The study, published on Wednesday, found that with each new child parents were increasing their likelihood of falling into poverty.
While 13 percent of couples with one child were threatened by poverty in 2015, this rose to 16 percent in two-child families and to 18 percent for couples with three children.
The study took households which earn less than 60 percent of the national average income to be at risk of falling into poverty.
Previous studies by the Organisation for Economic Co-operation and Development (OECD) into poverty among families had come to much less startling conclusions about the seriousness of the problem.
According to the Bertelsmann study the OECD methodology distorts reality, making poorer families appear to be richer and richer families appear to be poorer.
To name one example, the Bertelsmann study found that 68 percent of single parents are at risk of poverty, a much higher proportion than the 46 percent the OECD reckons fall into this category.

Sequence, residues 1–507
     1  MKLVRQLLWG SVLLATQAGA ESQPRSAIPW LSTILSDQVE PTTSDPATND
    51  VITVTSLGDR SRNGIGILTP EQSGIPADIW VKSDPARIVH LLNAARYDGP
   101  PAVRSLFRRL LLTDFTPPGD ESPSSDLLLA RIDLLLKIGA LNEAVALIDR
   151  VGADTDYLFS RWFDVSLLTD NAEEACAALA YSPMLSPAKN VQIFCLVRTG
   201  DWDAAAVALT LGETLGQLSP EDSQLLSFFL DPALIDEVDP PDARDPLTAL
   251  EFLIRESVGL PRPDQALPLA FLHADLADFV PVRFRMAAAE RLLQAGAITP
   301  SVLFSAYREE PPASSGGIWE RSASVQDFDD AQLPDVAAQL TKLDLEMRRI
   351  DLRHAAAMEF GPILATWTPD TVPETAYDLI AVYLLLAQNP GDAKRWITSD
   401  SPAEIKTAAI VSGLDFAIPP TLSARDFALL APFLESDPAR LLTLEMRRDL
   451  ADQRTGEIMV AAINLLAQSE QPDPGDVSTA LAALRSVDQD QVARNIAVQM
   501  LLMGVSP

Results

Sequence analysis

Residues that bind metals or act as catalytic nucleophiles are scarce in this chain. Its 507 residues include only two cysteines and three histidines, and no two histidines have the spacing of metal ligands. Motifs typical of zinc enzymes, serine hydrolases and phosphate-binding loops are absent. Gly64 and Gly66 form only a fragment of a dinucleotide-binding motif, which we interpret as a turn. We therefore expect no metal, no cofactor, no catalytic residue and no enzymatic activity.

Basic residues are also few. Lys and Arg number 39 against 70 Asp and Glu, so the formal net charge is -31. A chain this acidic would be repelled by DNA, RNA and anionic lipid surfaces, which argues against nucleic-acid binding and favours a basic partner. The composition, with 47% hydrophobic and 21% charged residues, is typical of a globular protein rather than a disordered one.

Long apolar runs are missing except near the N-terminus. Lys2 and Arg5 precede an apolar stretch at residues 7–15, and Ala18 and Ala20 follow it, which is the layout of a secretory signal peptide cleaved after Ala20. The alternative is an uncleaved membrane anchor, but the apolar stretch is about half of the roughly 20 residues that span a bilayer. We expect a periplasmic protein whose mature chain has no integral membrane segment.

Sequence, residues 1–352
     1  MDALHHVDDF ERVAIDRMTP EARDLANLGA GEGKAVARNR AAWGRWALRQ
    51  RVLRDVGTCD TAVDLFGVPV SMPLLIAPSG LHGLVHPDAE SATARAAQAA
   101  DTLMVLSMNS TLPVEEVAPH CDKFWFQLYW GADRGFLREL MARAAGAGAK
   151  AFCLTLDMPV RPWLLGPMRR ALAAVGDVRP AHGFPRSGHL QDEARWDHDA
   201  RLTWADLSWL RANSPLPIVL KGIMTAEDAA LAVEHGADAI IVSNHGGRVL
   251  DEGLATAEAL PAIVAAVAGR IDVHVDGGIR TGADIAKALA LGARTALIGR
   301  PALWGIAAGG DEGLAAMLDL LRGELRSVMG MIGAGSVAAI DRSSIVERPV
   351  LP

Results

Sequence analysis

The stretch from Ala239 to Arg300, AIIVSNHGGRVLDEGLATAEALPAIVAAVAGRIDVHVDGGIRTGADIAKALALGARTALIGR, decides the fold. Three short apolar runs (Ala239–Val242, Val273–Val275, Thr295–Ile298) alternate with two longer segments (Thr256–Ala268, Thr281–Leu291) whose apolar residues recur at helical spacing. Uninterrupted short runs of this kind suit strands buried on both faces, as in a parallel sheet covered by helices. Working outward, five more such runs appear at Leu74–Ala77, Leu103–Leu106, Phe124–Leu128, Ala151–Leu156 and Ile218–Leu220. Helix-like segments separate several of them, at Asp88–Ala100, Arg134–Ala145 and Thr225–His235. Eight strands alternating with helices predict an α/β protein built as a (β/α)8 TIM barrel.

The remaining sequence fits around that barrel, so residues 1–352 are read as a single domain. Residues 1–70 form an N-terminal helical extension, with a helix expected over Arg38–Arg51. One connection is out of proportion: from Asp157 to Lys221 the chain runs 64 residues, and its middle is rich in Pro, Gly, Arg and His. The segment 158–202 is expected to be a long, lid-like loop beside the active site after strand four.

The Bertelsmann study also concluded that the gap between richest and poorest households has widened more significantly since 1991 than OECD research suggests.
The decisive issue in the data analysis is the so-called "equivalence scale." The scale is used in order to compare households of different sizes. For example, a family of four people has the advantage over someone who lives alone that they do not need four dinner tables to achieve the same state of comfort. The equivalence scale aims to take such savings into consideration.
The OECD scale gives a household a weighting of 0.5 for every extra member over the age of 14 and a weighting of 0.3 for extra members under 14. But the Bertelsmann researchers concluded that these weightings were too arbitrary and came up with a different scale after conducting closer examinations of the disposal incomes of the households at various points on the income scale.
Not everyone is happy though, that the Bertelsmann Foundation have proposed throwing out the OECD scale.
"The discussion about the methodology has been going on since the 1990s," says OECD expert Michael Förster, arguing that starting methodological discussions again would be a step backwards. He said that, while the Bertelsmann study's finding are broadly correct, "we only come to different results in detail".